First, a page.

If there is anything Maldonado would tell other LGBTQ Latinx about thriving it’s to build confidence in who you are.

Feeling myself after class tonight ^__^

A post shared by Leiomy Maldonado (@wond3rwoman1) on


“I would like to share that I was an underdog in the beginning. I feel like it took a lot of struggles and things for me to go through that I went through within the ballroom for me to become as strong and confident as I am now,” Maldonado tells LGBTQ youths. “I feel like a lot of people look for confidence and they look for acceptance in other people but they don’t accept themselves yet and I feel like that’s very important. You have to love yourself and accept yourself before you can grow and be part of other people.”


READ: After Trump’s Anti-Trans Order, Carmen Carrera Has Some Words For Him

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Pedro Pascal Supports His Sister, Lux, As She Publicly Comes Out As Trans: ‘Mi Hermana, Mi Corazón’

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Pedro Pascal Supports His Sister, Lux, As She Publicly Comes Out As Trans: ‘Mi Hermana, Mi Corazón’

Credit: Getty Images; pascalispunk/Instagram

We always knew there was a reason that Pedro Pascal was one of the internet’s favorite boyfriends. He has always radiated an energy of warmth and kindness–turns out he also walks the walk.

On Tuesday, Pedro Pascal took to Instagram to support his sister, Lux Pascal, who recently came out as a trans woman.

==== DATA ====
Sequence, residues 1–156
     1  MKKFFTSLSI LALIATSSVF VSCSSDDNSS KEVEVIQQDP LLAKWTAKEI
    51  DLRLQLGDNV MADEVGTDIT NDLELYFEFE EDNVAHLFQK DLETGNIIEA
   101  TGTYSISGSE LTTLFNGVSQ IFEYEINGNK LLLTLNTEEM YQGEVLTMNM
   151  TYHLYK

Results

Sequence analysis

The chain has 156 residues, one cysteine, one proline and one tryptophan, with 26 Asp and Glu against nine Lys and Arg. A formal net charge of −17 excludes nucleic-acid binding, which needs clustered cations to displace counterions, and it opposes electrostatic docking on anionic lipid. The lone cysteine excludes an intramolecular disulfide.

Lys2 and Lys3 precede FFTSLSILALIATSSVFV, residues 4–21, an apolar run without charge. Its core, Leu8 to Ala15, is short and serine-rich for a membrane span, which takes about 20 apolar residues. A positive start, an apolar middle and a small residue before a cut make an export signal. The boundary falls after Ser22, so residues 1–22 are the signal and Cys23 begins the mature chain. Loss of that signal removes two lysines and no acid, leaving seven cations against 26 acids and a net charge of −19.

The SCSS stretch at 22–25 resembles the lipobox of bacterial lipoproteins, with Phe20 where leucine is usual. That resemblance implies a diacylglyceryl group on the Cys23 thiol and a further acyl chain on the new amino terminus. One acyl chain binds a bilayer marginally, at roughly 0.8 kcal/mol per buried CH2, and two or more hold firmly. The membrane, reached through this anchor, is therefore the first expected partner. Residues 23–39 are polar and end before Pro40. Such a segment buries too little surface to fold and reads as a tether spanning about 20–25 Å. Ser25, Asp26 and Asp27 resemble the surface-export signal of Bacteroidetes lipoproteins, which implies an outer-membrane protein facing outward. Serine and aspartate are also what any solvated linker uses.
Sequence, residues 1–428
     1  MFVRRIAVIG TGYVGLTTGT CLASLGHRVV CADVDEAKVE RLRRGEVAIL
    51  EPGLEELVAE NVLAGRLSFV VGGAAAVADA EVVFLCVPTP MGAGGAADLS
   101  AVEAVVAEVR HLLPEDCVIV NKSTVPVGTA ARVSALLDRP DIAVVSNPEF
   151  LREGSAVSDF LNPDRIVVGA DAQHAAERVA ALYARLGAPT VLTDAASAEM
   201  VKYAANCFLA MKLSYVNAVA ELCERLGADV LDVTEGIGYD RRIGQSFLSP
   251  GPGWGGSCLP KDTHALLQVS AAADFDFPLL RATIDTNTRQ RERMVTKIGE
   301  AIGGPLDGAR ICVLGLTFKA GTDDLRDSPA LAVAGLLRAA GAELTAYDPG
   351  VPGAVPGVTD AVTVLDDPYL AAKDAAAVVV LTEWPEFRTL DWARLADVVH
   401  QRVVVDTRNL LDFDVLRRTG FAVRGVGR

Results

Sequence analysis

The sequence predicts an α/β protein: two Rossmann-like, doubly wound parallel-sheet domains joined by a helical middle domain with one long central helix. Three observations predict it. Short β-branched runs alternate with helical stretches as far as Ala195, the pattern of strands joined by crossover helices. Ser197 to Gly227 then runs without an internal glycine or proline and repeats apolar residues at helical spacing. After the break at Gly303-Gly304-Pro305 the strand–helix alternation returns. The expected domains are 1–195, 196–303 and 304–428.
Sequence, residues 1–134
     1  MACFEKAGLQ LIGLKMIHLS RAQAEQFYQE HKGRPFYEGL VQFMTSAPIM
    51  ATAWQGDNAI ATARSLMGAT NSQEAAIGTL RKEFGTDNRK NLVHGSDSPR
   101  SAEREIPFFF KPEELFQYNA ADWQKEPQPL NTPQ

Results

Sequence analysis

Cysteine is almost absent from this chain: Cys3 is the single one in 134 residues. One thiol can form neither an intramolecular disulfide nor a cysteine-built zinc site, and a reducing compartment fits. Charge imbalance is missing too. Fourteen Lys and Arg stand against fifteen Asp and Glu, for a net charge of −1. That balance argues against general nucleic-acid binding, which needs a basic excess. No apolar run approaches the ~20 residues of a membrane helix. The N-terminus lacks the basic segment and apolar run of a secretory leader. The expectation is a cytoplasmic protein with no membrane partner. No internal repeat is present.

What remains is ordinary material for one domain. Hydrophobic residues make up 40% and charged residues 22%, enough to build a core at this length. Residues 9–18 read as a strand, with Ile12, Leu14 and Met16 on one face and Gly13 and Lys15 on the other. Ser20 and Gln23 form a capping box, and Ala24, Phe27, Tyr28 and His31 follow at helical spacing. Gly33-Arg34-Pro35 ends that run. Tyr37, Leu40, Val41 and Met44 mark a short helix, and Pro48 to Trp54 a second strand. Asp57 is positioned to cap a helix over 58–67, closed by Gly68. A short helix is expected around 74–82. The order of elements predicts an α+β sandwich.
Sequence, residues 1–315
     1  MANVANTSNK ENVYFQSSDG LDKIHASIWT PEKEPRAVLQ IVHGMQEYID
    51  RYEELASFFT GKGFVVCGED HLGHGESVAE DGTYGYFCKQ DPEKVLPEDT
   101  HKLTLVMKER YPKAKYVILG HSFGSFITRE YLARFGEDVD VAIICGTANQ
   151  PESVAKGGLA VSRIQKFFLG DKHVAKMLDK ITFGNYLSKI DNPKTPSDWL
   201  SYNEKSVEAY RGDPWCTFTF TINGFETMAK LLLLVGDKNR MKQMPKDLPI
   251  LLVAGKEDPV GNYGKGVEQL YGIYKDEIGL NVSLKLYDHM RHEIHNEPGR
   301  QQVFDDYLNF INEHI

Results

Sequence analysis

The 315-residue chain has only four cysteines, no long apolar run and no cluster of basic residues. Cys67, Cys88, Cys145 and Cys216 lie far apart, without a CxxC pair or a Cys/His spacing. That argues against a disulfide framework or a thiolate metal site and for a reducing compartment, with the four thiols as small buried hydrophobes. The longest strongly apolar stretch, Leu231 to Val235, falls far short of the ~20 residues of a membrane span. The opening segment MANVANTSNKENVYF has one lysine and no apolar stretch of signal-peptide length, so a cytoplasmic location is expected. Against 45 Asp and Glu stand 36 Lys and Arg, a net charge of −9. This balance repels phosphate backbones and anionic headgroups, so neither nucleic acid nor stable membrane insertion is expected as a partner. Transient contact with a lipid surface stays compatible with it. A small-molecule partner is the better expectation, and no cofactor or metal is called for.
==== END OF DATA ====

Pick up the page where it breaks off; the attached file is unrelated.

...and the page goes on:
On his Instagram page, Pascal shared a picture of his sister on the cover of Spanish-language Chilean magazine, Ya. The caption read: “Mi hermana, mi corazón, nuestra Lux.”

In an interview with Ya magazine, Lux Pascal opened up about how supportive Pedro has been of her transition.

Lux explained that Pedro “has been an important part of [my transition].” Lux, who is currently studying acting at Juilliard, says that Pedro was able to be a “guide” to her because of his artistic spirit.

“He’s also an artist and has served as a guide for me,” she said. “He was one of the first people to gift me the tools that started shaping my identity.”

But her brother wasn’t the only one that was very accepting of her decision to transition. Lux explained that her transition has been “been something that’s very natural for everyone” in her family.

And like many folks who are gender non-conforming, her family seemed to have known ahead of time. “It’s almost something that they expected to happen,” she said.